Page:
Financial Times: President sees 2016 as crucial for Cyprus

NICOSIA, CYPRUS - JUNE 12: UN Peacekeeper, Guardsman, Garth McDowell (R), talks with Guardsman Daryl Shannon, from the 1st Battalion Irish Guardsman during a patrol of the buffer zone on June 12, 2014 in Nicosia, Cyprus. The United Nations Peacekeeping Force in Cyprus (UNFICYP) was originally set up by the Security Council in 1964 to prevent further fighting between the Greek Cypriot and Turkish Cypriot communities. After the hostilities of 1974 and in the absence of a political settlement to the Cyprus problem, UNFICYP has remained on the island to supervise ceasefire lines, and maintain a buffer zone, (Photo by Andrew Caballero-Reynolds/Getty Images)

The president of Cyprus has voiced cautious hope that a deal to end 40 years of division on the island could be signed this year, but said vital issues including the withdrawal of Turkish troops were still to be resolved.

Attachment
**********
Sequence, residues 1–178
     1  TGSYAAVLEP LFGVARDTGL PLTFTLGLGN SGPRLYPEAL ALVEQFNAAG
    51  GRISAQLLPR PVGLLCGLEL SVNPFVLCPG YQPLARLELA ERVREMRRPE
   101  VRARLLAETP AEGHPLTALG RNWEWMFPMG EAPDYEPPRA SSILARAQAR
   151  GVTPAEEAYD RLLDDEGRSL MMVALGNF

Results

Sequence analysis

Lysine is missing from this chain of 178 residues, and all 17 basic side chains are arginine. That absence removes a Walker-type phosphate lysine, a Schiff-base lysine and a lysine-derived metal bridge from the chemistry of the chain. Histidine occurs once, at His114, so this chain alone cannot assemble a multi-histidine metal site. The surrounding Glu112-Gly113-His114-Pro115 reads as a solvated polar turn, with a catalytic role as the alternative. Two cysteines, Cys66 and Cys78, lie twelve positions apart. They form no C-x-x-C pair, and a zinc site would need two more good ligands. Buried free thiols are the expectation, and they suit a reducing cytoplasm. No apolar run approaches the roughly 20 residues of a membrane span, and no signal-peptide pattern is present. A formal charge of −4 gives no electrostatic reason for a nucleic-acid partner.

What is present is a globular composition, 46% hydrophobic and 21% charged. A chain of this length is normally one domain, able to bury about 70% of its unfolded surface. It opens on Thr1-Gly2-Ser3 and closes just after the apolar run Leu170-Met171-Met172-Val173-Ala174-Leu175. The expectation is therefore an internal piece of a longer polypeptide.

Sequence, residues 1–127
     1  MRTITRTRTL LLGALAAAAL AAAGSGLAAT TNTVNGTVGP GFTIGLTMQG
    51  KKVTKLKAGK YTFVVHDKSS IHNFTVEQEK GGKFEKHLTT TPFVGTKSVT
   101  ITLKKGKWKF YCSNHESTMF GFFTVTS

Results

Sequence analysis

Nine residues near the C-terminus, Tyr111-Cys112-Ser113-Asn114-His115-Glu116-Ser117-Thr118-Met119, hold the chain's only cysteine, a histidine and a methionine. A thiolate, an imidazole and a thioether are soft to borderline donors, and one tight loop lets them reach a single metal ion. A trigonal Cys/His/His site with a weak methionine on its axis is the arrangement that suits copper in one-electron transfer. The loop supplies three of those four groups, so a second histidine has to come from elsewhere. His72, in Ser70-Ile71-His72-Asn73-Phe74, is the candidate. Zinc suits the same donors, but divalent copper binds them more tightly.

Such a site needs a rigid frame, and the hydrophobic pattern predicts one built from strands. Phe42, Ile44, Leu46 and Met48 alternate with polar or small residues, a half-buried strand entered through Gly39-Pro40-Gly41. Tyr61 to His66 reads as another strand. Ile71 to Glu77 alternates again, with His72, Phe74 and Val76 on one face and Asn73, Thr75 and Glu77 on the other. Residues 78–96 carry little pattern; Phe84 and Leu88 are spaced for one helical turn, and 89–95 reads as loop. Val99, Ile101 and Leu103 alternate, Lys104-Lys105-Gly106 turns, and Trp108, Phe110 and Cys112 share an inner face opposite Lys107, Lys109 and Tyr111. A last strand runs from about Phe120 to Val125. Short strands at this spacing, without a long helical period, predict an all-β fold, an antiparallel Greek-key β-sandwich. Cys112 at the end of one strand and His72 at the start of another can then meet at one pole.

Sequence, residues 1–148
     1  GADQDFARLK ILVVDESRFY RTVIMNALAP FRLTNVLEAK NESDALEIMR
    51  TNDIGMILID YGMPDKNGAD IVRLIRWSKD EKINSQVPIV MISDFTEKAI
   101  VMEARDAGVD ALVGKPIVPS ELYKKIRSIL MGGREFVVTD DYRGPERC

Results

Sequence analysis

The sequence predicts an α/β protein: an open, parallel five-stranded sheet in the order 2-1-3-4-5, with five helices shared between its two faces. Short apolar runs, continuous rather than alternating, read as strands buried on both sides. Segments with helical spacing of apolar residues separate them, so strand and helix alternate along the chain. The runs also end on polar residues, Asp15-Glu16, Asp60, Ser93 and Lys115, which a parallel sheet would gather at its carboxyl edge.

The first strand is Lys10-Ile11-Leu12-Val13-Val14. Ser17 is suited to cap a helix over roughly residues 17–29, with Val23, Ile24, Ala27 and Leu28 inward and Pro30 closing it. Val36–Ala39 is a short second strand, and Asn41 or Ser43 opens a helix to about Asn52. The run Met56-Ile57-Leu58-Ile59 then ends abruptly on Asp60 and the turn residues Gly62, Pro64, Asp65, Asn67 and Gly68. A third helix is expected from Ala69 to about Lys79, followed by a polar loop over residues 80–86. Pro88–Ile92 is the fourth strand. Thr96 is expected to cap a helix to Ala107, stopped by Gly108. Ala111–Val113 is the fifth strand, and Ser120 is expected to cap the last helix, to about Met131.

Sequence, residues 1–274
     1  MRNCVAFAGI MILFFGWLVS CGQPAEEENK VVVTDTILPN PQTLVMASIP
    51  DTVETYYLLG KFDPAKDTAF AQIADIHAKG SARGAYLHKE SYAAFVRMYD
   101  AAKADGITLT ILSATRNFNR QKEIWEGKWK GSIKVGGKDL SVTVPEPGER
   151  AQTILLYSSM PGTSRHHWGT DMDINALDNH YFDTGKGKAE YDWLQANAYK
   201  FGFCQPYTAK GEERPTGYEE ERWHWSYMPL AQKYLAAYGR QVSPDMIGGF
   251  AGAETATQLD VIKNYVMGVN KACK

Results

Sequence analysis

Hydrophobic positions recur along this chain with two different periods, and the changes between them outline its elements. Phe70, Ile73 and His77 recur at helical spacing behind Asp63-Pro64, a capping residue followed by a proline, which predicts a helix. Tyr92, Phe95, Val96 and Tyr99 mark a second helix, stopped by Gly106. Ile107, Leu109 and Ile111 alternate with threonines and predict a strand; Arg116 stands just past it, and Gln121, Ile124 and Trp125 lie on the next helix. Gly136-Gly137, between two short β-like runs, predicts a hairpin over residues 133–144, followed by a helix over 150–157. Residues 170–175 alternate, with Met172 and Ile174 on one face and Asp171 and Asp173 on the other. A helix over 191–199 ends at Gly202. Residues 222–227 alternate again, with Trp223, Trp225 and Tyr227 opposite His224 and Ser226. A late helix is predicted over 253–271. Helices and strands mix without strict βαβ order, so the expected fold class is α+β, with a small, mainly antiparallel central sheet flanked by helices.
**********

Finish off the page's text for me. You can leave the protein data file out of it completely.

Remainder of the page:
Nicos Anastasiades, leader of the internationally recognised Greek Cypriot government, told the Financial Times that 2016 would be a “crucial year” for the island. As long as there was sufficient progress on issues such as territorial adjustments, security guarantees and troop withdrawals then “I do expect we could find a solution within this year”.

“In the event of a solution, Cyprus would be a model for coexistence between Muslims and Christians,” he added.

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